Joyce Glasser reviews Three Identical Strangers (November 30, 2018), Cert. 12A, 96 min.
Tim Wardle’s Three Identical Strangers does what scripted feature films cannot do and that even some of the best documentaries cannot or do not do. It takes you on a journey of discovery with the destination unknown – even to the director and the subjects. In this case, the subjects are Edward Galland, David Kellman and Robert Shafran who have a lot more in common than their names would suggest.
When you see the three identical young men introduced in the film, the first of the mysteries and surprises in this multi-layered piece of investigative filmmaking will be revealed. Anything more would be a big spoiler, so do yourself a favour and try to go into the film knowing as little as possible.
A bubbly, expressive Bobby Shafran, 56, sits in a chair facing the camera and tells us how he and Eddy Galland met. Bobby drove himself to Sullivan County Community College in Upstate New York in 1980 for his first day of college. ‘This wasn’t some institution of higher learning,’ he admits, and indeed the chances of meeting anyone he knew at this obscure, third-rate school were pretty slim.
Eddy was not exactly there on the first day of school, having dropped out after his first year for reasons unexplained (but which become clearer as the film proceeds). He told his good friend Michael that he would not be coming back and no one expected him. And yet there he was – or was he?
Bobby tells us, ‘I was never the captain of the football team and never popular, but everyone was asking me how my summer was.’ In a reconstruction of the surreal scene, we see students waving at a bemused Bobby with delighted smiles and greetings such as, ‘so glad you came back.’ When Michael sees Bobby he has the presence of mind to ask him if he was adopted. When Bobby answers in the affirmative, and confirms that his birthday is July 12, 1961, Michael says, ‘let’s go see Eddy’. Eddy lived 2 hours from the college. In a reconstruction we see them speed down the motorway. When the excited young men are stopped by a traffic cop, he tells them, ‘you better have a very good reason…’
If the reunion of Bobby and Eddy makes the papers, it is nothing compared to the publicity after. A 100 miles or so away from the college, student David Kellman happens to see the euphoric twins in the news. To his surprise, they look at a lot like him. We later learn that there was a fourth brother, who died at birth.
It is here that Wardle brings in the relatives of the three young men whose testimonies add to our astonishment. Here are three very different Jewish families living in different parts of New York who have suddenly been united with apparently joyful news. What is brilliant about Wardle’s editing and storytelling skills is that none of the talking heads give anything away so that when we first hear from the relatives, the initial excitement is on screen and everyone is on an emotional high.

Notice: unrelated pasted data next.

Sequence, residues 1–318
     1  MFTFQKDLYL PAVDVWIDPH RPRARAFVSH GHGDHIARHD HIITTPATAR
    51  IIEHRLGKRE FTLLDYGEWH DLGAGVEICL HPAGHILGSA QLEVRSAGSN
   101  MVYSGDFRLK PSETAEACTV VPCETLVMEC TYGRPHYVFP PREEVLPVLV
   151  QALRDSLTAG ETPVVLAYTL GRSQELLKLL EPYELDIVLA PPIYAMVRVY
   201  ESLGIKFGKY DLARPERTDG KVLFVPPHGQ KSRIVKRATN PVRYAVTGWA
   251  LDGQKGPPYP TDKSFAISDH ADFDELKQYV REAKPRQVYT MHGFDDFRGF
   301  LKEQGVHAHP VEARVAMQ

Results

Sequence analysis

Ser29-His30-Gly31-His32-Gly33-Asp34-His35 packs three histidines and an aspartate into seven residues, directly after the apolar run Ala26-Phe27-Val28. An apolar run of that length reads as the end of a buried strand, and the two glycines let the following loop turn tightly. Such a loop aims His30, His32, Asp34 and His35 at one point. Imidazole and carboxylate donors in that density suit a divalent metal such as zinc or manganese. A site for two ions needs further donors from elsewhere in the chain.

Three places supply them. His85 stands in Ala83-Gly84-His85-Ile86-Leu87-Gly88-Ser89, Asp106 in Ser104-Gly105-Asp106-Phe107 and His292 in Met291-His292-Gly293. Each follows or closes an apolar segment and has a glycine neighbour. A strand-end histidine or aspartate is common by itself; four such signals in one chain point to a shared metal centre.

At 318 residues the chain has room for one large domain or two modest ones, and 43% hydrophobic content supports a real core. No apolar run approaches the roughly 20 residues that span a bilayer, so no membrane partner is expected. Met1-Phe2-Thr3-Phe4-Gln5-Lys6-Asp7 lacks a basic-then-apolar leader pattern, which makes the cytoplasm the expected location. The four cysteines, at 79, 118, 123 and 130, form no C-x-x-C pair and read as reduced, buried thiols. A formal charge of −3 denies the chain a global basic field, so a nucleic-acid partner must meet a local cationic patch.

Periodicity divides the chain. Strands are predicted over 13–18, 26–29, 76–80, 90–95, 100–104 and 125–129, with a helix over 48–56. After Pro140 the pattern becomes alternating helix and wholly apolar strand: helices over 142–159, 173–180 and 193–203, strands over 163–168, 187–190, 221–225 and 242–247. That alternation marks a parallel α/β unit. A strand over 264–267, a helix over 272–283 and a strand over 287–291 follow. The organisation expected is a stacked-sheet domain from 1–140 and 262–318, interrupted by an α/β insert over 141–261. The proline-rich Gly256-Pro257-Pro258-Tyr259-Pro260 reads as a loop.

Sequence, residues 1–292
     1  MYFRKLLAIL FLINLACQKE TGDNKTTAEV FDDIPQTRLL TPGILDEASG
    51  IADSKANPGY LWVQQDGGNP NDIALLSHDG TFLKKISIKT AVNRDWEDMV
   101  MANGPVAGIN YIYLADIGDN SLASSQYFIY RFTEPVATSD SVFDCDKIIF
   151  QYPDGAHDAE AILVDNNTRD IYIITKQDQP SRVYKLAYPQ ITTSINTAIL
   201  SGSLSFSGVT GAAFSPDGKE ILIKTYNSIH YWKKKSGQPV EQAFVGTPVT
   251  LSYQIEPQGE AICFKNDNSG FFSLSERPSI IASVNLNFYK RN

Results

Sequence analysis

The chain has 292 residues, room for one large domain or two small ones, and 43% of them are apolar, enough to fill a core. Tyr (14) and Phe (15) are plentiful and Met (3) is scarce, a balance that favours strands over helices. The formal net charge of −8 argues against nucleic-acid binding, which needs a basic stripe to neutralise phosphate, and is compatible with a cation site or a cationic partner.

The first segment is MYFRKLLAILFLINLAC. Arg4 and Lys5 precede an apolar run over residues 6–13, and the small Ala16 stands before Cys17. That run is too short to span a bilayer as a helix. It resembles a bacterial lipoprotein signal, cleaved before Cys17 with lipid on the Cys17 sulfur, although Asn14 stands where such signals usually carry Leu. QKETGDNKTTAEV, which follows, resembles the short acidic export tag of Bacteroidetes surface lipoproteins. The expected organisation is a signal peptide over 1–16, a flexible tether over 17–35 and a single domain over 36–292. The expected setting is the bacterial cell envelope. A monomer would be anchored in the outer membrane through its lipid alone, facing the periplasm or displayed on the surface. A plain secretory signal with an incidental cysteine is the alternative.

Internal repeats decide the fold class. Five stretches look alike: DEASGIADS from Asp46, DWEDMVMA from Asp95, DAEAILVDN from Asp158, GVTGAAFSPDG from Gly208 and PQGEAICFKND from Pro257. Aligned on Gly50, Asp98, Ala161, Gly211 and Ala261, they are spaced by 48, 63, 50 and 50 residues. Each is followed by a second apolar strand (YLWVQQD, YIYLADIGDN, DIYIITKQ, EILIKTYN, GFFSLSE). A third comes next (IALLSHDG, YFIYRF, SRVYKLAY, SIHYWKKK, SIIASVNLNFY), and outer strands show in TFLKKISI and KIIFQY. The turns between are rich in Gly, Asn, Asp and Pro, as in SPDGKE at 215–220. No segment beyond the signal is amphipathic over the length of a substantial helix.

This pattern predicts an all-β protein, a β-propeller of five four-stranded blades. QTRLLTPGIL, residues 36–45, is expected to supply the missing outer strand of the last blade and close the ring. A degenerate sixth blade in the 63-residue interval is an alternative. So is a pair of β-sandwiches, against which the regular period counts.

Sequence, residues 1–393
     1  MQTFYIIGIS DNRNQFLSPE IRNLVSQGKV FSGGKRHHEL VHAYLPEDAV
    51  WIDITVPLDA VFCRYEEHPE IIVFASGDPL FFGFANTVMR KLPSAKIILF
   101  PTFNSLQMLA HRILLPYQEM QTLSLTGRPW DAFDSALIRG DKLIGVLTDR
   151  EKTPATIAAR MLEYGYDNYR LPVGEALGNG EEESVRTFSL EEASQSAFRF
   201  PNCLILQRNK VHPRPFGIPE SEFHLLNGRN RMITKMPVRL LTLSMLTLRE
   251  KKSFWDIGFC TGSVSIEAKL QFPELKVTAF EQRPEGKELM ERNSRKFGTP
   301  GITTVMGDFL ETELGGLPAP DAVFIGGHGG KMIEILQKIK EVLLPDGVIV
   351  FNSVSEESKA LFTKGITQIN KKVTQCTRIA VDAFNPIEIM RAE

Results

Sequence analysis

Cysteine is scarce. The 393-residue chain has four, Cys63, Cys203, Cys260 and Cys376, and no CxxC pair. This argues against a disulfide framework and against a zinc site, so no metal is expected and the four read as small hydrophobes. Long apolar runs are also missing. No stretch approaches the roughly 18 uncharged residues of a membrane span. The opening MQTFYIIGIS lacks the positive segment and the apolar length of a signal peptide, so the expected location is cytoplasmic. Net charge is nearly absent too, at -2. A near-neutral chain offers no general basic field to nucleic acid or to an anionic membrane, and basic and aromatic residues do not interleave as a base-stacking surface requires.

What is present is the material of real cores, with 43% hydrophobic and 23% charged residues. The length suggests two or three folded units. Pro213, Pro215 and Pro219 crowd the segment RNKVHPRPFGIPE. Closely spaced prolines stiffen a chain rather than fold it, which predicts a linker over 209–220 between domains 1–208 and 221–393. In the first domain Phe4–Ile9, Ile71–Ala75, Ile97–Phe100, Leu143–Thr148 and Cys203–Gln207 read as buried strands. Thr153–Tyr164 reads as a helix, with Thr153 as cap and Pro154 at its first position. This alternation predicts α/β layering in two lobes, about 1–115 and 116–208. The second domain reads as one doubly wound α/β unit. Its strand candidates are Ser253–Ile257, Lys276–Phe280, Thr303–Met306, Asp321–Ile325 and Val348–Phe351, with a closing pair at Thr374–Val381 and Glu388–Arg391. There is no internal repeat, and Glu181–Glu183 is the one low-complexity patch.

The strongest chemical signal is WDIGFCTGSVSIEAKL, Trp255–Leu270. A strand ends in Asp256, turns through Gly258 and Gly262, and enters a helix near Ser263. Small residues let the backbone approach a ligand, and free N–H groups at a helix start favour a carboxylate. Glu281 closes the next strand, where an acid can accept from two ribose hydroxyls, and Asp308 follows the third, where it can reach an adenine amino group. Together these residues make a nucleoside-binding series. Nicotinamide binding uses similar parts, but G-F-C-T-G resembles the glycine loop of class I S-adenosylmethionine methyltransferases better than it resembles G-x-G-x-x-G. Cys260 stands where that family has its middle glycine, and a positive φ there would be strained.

Anyone of a certain age might remember the huge publicity campaign (admittedly this would be more the case for Americans than those of other countries) surrounding the discovery, so relatively late in life, of 3 identical twins. They were on the cover of all the major newspapers and made so many television talk show appearances that the whole country knew the story. The young men capitalised on their celebrity by opening a successful restaurant together. Naturally, the restaurant was called Triplets.
What no one will know is the follow-up to this human interest story.
Wardle parcels out the complex information over the course of the film with such precision that he keeps us at the edge of our seat as though we were watching a mystery thriller. Although each of the brothers were brought up in a different social strata (working class, middle class, affluent), they had much in common, even sharing the same favourite colour. Like the brothers themselves at the time, we might be willing to consider it a coincidence that Edward. David and Bobby all have older sisters who are 21 even if this coincidence seems pretty weird.
What begins as a joyous film about the astonishing reunion of three good-looking, loving and outgoing Jewish brothers gradually spirals deeper and deeper into a dark abyss. The real subject of the documentary becomes apparent about 30 minutes into the film, and Wardle films new talking heads – including the Pulitzer Prize winning investigative journalist, Lawrence Wright who started investigating the story in 1995 – still unsure of where the story was heading.
As the trajectory of the journey changes, so do the genre and the style. The first half-hour has been middle-aged Bobby’s narration, along with archival footage and reconstruction, all in the past tense. This changes to what Wardle calls ‘present tense vérité or what we call in the UK, ‘actuality.’ Only a missing presence in the second part gives a hint of the how dark things will become.
As with other great documentaries, including My Architect, Searching for Sugar Man and Tickled, the filmmaker does not know the ending when he began the film, and still does not have all the answers at the end. In some cases, this can prove frustrating, and here, despite a bit of repetition toward the end, it is understandable. New leads arrive before the filmmakers – and the living subjects – can digest them while some doors remain locked – until further notice.
You can watch the film trailer here: